Biological soil crusts endangered by global change
Model calculations predict a decrease of 25 to 40 percent in biological soil crusts through persisting global warming and increasing land use.
Biological soil crusts protect the soil, accelerate the rate of soil formation and contribute to biogeochemical nutrient cycling via fixation of atmospheric carbon (C) and nitrogen (N). Although, visually, they are among the least impressive communities in nature, they form a vital part of natural cycles. Together with international colleagues, scientists from the Max Planck Institute for Chemistry have now created a world map showing the occurrence of biological soil crusts. With the help of this map and predictions on the impact of global change, the scientists conclude that 25 to 40 percent of the world’s soil crusts will have disappeared by 2070. The journal Nature Geosciences reports on the study in its march issue.
“Biological soil crusts (biocrusts) consist of communities of cyanobacteria, algae, lichens and bryophytes. The layers are only few millimeters thick, forming encrustations on the soil surface of drylands, which stabilize the soil and prevent erosion,” explains Bettina Weber, Research Group Leader at the MPI for Chemistry in Mainz. She has been studying these remarkable communities for many years. Together with her colleagues, the biologist evaluated over 500 publications on the topic of biocrusts to create the first global distribution map. They discovered that biological soil crusts currently cover about twelve percent of the Earth’s surface.
Biocrusts are particularly prevalent in desert and savanna areas, such as in southern Africa, Australia, and Asia as well as across the south-western USA. In temperate latitudes across Central Europe, vascular plants such as trees and shrubs are dominant. “The occurrence of biocrusts mainly depends on the interaction of precipitation, temperature and agricultural land use,” explains Emilio Rodriguez-Caballero, a former postdoc in Bettina Weber’s working group, who is now doing research at the University of Almeria. To establish the soil crust map, the Spaniard used 18 different environmental parameters, which determine how suitable an area of land is to the growth of biocrusts. The parameters include climatic factors such as temperature and precipitation, soil properties such as mineral content, agricultural use, and the topography of the landscape.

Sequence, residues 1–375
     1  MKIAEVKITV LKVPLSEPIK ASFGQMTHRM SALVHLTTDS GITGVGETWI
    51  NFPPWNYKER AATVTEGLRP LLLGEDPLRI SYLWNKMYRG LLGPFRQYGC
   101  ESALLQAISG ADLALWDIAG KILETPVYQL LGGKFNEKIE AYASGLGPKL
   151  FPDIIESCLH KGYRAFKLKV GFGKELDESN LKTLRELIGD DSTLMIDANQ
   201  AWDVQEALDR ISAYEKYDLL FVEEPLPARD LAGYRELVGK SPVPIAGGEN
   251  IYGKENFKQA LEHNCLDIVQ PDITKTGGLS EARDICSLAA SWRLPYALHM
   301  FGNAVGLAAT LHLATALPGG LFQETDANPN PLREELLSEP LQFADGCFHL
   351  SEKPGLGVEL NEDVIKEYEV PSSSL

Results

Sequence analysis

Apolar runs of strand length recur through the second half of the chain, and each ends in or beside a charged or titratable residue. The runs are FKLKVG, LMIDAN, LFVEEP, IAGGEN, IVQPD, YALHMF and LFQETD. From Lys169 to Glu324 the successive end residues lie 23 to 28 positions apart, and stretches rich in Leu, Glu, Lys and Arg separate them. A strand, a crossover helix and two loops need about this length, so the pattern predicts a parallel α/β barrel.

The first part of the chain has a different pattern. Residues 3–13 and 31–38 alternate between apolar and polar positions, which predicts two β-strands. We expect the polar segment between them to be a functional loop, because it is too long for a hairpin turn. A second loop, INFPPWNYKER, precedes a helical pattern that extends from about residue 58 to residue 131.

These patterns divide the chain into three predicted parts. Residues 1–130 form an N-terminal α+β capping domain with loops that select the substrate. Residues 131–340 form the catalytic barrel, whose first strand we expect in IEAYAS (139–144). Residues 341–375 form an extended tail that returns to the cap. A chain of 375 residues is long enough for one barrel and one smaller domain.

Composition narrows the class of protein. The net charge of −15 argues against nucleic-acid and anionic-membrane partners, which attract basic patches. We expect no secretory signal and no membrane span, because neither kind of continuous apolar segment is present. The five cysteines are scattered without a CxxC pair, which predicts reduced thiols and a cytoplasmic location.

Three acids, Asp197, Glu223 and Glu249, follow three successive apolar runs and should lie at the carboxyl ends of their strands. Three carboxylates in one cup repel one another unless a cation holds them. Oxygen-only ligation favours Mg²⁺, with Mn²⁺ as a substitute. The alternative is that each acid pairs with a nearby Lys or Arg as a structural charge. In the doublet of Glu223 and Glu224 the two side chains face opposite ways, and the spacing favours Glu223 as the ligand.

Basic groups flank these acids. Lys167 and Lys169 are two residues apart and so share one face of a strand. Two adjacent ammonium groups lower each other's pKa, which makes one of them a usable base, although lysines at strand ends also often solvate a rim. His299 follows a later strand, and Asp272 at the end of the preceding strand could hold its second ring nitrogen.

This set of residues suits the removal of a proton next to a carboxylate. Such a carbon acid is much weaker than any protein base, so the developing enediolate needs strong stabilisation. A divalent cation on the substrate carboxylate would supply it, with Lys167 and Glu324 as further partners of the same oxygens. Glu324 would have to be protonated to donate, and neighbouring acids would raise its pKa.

Not only did the researchers create a global map of soil crusts. Based on various future scenarios, they calculated how the soil crust cover is likely to be affected by global change.
Such emission scenarios were developed by the Intergovernmental Panel on Climate Change (IPCC) and indicate how the Earth will change in terms of climate and land use compared to pre-industrial times. They range from the assumption that global warming will remain less than two degrees Celsius thanks to a massive reduction in emissions, to an extreme scenario in which greenhouse gas emissions and land use continue to increase as before. The latter, sometimes called the business-as-usual scenario, predicts that on average the Earth’s surface will warm up by more than four degrees Celsius compared to pre-industrial times.
Global change: more than a quarter of biocrust surfaces are expected to disappear
Regardless of which scenario the Earth is heading for, the predicted decline in biological soil crusts is between 25 and 40 percent. This means that even in the case of moderate global change, the biocrust cover is expected to decrease by one quarter. This decline is caused not only by rising temperatures and altered precipitation patterns but also by agriculture. Bettina Weber’s team expects land use pressure to increase in many semi-arid regions, such as Asia and southern Africa in the coming decades as a result of climate change and a growing world population.
The climate- and landuse-triggered decline in biocrusts could also have a significant impact on biogeochemical cycles such as those of nitrogen and carbon. In earlier studies, Bettina Weber and her colleagues showed that the tiny organisms that make up biocrusts may be responsible for around half of all biological nitrogen fixation that takes place on the Earth’s surface. This is important for the development of ecosystems, as nitrogen is often the limiting nutrient (source: Nature Geoscience, June 3, 2012, DOI: 10.1038 / NGEO1486 and PNAS, DOI: 10.1073 / pnas.1515818112) and improves soil fertility, especially in nutrient-poor ecosystems.
In addition, the large-scale decline in biocrusts would probably also affect our health. “As biocrusts play a key role in soil stabilization, the widespread decline will likely cause a significant increase in exposure to airborne dust and dust storms − with significant effects on human health and the environment,” says Ulrich Pöschl, Director at the Max Planck Institute for Chemistry. From the researchers’ point of view, it is therefore important to consider the occurrence and cover of biological soil crusts in climate and Earth system models.